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W*rd Up

The Olympics of Scrabble


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LOS GATOS software engineer Peter Roizen reached a boredom point with Scrabble after years of fervent word-jockeying. He desired a similar family pastime, but one with a subtle twist.

And subtle it was. All he did was throw in one little ditty that added an entire new dynamic to the game. The ditty? A wild letter. His new board game, Wild Words, plays just like Scrabble but includes tiles with an asterisk that can represent any letter or string of letters. So five tiles played as DI*TE can stand for either DICTATE or DISCOMBOBULATE. Like the chaos theory mantra of a butterfly flapping its wings over Brazil eventually causing a thunderstorm over Alaska, with just a few tiny changes to the game of Scrabble Roizen has created a monster.

If you're proud of your etymological prowess, Wild Words will discombobulate you at first. It's Scrabble to the 20th power. But once the technique settles in, any word maven with a penchant for creativity will dive in headfirst. If you're a crossword puzzle aficionado, you better watch out. This game will make your brain spin its wheels. Tired of resorting to those miserable two- and three-letter words in Scrabble? Think you're smarter than that? Welcome the wild tile, my friend.

Think about it. Let's say you have these tiles at your disposal: ACHHP*R. You could then make the word CHRONOGRAPH if you want. If you have these tiles: GATPS**, you could throw down PATHOGENESIS. Wow. When another player then places a word perpendicular to yours, he can use the asterisk for whatever he wants as well. He doesn't have to be confined to what you used it for. However, the asterisk tiles don't get any points, so you must beware. There are only 12 asterisk tiles total, but they make all the difference in the world.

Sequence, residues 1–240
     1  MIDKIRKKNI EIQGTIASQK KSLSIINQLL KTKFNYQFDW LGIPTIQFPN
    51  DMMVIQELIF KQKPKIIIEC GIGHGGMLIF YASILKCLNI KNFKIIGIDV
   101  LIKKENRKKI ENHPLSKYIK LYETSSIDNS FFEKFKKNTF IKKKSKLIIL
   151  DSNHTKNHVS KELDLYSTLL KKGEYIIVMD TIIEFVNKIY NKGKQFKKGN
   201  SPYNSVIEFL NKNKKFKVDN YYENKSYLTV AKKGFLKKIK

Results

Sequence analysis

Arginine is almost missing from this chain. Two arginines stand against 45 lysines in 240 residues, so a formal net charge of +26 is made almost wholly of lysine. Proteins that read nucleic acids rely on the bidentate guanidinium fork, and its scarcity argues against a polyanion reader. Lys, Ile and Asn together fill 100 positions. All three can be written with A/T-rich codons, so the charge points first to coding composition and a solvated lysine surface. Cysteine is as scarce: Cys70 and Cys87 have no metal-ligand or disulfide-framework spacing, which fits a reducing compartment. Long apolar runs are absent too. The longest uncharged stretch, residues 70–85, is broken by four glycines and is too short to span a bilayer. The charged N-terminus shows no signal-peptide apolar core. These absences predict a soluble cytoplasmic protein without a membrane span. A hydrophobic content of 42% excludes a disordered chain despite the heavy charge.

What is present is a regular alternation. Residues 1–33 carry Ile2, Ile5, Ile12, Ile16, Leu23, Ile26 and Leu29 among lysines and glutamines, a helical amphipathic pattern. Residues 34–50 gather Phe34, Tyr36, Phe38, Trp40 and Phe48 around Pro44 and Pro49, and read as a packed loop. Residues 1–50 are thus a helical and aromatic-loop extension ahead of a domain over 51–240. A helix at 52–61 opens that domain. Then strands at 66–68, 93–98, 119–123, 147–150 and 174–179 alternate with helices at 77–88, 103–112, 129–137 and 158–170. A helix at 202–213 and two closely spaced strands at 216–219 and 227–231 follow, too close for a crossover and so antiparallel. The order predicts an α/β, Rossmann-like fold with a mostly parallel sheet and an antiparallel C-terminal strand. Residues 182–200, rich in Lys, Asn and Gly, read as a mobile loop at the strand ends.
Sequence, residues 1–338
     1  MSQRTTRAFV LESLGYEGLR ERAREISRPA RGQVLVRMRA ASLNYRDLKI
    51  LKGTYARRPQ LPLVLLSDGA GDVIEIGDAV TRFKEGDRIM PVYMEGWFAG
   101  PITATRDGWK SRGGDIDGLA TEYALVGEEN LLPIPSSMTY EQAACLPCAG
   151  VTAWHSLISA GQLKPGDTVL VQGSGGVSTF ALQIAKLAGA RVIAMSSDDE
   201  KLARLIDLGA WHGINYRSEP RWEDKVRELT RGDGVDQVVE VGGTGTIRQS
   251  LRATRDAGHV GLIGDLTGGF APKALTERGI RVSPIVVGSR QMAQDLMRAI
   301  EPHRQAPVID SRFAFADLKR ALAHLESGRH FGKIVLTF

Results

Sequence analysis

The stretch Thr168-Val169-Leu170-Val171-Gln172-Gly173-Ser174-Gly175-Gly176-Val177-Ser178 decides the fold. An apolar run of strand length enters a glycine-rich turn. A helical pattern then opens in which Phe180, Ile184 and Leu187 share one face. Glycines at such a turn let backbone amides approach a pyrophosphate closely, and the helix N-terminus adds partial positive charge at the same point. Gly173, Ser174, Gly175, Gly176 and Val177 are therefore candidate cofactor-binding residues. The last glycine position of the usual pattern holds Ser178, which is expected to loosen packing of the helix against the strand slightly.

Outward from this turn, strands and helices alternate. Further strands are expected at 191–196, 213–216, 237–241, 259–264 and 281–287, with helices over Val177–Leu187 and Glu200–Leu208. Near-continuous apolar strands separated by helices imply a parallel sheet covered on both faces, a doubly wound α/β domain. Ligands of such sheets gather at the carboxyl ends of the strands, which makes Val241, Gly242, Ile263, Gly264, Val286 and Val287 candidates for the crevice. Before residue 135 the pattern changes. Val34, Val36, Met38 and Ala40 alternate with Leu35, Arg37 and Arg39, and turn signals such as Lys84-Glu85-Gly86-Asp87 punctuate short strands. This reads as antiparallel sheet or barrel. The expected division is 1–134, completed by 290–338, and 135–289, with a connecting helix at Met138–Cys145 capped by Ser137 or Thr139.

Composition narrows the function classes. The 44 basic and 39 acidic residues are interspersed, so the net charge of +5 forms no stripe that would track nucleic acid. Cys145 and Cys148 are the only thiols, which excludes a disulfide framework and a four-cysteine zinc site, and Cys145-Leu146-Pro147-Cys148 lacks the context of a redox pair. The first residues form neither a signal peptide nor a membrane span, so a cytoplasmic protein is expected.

What's more, and herein lies the rub, with an asterisk tile you only have to explain what the letters stand for if you're challenged on it by another player. So colossal bluffs are absolutely encouraged. If you throw BR*UTH down on a triple-word score and no one calls you on it, you're home free. In this way, bad spellers might rack up more points than usual, if they're not challenged.

All these elements completely turn Scrabble on its head, and since Wild Words allows much longer words, the creativity is endless, which often leads to miraculous comebacks and upsets. Roizen calls it the Olympics of Scrabble. Who would have thought that an asterisk—traditionally a symbol used to designate an omission—would lead to so much fun? If only someone could now revamp Chutes and Ladders, then we'd really see some progress.


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From the October 20-26, 2004 issue of Metro, Silicon Valley's Weekly Newspaper.

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